World of the Worsts
The result of the conventional U.S. policy of expecting China’s full cooperation, relying mainly on pressure tactics without political engagement, and having no comprehensive plan (in other words, the absence of a strategy) has been the ever-worsening strategic position of the United States in the region surrounding the Korean Peninsula. The United States has been pushed gradually and unnoticeably to the “world of the worsts.” The United States not only failed in denuclearizing North Korea but also pushed Pyongyang further into the orbit of China, leading to ever-increasing Chinese influence over North Korea.
This occurred even though most North Koreans, including their top leader, Kim Jong-un, deeply resent China. ‘Juche’ (self-reliance) has long been the leading national ideology for North Korea, and Kim Jong-un may have been very worried deep in his mind about his country’s heavy economic dependence on China with over ninety percent of North Korea’s trade with China—until North Korea’s self-quarantine measures to prevent the spread of COVID-19. The United States could have utilized Kim Jong-un’s concern in one way or another, but instead squandered the opportunity.
World of the Bests
In contrast, China was appreciating the “world of the bests,” enjoying the benefit of the status quo with no complete denuclearization, no war, no collapse of the North Korean regime, and ever-increasing influence over both Koreas.
The fact that North Korea has been pushed into the arms of China also has an important implication for South Korea’s foreign policy. In addition to China’s strong economic influence over South Korea, North Korea’s heavy dependence on China has made South Korea and its policy-makers very conscious of China’s influence over North Korea in the process of South Korea’s foreign policy-making. This is simply because of South Koreans’ cherished desire for a permanent peace on the Korean Peninsula. In my view, the Korean people’s desire to build a permanent peace should not be dismissed simply as a matter of partisan politics in South Korea. Progressive political leaders and even conservatives such as former president Park Geun-hye tried hard to nurture close ties with Xi because of her wish for China’s help in settling the North Korea problem and building a permanent peace on the Korean Peninsula. In this sense, U.S. policy toward North Korea, which pushed it toward China, has significantly constrained South Korea’s foreign policy-making.
This means that as long as the conventional U.S. policy continues, U.S. influence on the Korean Peninsula will be likely to recede compared to the Chinese influence in this age of intensifying competition. The United States is already far behind China in terms of building an economic base in North Korea. In the case of a contingency in North Korea, which some hardline supporters of regime change might want, not U.S. but Chinese influence will dominate the Korean Peninsula. This is why the United States needs to be more realistic and adjust its strategy toward North Korea. What the United States needs is neither a wait-and-see nor a piecemeal tactical adjustment based on the ineffective conventional approach. It needs a bold strategic shift of its North Korea policy in accordance with the new reality.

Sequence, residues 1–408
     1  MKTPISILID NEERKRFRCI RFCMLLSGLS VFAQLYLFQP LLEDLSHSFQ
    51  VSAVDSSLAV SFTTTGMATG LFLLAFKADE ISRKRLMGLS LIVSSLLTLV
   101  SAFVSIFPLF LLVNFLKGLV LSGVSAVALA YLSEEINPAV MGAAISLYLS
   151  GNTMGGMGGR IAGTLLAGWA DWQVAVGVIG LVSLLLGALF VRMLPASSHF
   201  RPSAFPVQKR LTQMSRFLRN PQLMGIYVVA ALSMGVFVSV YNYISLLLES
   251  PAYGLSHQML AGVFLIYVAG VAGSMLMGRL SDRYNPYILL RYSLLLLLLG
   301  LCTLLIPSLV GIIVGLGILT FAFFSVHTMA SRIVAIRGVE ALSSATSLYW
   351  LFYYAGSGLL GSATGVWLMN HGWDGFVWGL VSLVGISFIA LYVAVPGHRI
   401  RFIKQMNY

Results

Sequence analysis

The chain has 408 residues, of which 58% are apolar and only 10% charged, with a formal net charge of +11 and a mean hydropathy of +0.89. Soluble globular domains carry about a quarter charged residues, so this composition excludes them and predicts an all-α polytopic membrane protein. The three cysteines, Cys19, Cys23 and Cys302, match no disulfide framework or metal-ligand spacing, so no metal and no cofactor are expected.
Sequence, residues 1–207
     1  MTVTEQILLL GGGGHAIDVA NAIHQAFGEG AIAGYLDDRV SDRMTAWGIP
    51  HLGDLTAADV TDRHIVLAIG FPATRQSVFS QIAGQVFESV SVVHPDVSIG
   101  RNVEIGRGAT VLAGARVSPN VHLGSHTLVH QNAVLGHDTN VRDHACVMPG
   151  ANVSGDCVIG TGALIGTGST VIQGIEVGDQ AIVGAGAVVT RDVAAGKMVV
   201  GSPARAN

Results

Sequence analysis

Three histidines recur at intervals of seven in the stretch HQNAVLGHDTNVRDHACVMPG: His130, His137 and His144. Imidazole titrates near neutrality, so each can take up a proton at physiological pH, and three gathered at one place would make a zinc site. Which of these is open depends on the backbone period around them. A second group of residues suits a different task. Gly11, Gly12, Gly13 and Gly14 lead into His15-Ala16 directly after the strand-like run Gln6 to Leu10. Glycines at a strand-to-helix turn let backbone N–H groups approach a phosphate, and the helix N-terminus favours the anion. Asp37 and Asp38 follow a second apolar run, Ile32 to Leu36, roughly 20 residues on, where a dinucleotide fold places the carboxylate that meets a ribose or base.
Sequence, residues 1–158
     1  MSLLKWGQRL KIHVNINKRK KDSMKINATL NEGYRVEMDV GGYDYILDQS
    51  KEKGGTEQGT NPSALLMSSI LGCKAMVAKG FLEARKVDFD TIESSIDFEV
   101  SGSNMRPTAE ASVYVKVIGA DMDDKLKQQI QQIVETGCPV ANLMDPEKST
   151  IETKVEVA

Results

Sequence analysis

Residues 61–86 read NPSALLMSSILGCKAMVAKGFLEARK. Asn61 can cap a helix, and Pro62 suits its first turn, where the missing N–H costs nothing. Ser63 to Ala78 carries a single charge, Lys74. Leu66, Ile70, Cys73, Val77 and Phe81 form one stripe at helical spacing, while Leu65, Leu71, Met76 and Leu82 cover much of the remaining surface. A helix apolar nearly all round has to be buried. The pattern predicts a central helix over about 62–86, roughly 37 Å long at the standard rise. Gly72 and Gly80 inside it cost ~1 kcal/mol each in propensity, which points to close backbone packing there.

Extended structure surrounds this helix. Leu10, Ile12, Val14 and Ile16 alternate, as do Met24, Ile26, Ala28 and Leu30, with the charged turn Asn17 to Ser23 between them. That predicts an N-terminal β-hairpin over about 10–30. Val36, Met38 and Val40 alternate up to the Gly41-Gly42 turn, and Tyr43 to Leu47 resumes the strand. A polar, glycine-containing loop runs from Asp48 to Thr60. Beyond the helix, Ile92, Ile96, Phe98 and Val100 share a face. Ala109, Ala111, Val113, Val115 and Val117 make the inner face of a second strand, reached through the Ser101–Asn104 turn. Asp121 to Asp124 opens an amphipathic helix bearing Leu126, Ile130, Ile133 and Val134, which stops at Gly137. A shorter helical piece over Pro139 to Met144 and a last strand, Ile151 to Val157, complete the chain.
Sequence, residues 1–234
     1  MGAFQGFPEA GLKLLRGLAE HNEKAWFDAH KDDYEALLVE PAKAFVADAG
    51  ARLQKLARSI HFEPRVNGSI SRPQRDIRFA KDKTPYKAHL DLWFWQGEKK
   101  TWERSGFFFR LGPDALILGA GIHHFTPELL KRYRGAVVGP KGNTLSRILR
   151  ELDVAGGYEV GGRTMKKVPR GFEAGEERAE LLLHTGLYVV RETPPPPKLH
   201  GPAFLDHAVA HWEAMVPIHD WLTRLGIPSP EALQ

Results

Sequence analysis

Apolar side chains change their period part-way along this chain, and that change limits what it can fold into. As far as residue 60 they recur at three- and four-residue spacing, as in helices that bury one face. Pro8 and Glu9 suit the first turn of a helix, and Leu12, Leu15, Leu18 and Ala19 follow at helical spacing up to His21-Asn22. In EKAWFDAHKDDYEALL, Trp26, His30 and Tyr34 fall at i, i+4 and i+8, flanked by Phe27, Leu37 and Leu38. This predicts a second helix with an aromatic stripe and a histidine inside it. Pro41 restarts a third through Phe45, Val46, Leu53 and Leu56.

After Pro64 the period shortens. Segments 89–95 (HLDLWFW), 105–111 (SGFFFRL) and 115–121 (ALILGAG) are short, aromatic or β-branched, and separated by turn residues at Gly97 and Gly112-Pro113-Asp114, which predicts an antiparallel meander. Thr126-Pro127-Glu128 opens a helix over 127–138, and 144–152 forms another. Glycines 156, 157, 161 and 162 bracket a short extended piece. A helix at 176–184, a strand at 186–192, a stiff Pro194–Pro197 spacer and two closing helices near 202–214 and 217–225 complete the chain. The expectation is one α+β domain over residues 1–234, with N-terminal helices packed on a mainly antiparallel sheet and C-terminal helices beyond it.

A Bold New Strategy
Most of all, a bold new strategy toward North Korea means engaging North Korea politically in order to fundamentally change the nature of the bilateral relationship. In other words, the United States needs to consider a détente with North Korea as it did with China in the early 1970s and Vietnam in the mid-1990s. The purpose of this new policy would be communicating more closely with its top leader, getting North Korea out of its diplomatic isolation, accomplishing the goal of complete denuclearization, and inducing North Korea to become not just a normal state but a partner of the United States.
In order to achieve these goals, the Biden team needs to adopt a two-track approach at the current stage. On the one hand, it needs to begin by taking some bold initiatives in order to engage North Korea politically. Measures that could be considered include offering to establish liaison offices in Washington and Pyongyang; beginning confidence-building measures like military-to-military exchange programs; declaring the end of the Korean War; inviting North Korean bureaucrats, students, sports and performance teams to the United States; and establishing a U.S.-DPRK (Democratic People's Republic of Korea) or a U.S.-DPRK-ROK (Republic of Korea) Track-1.5 commission for planning to help North Korea’s economic reconstruction.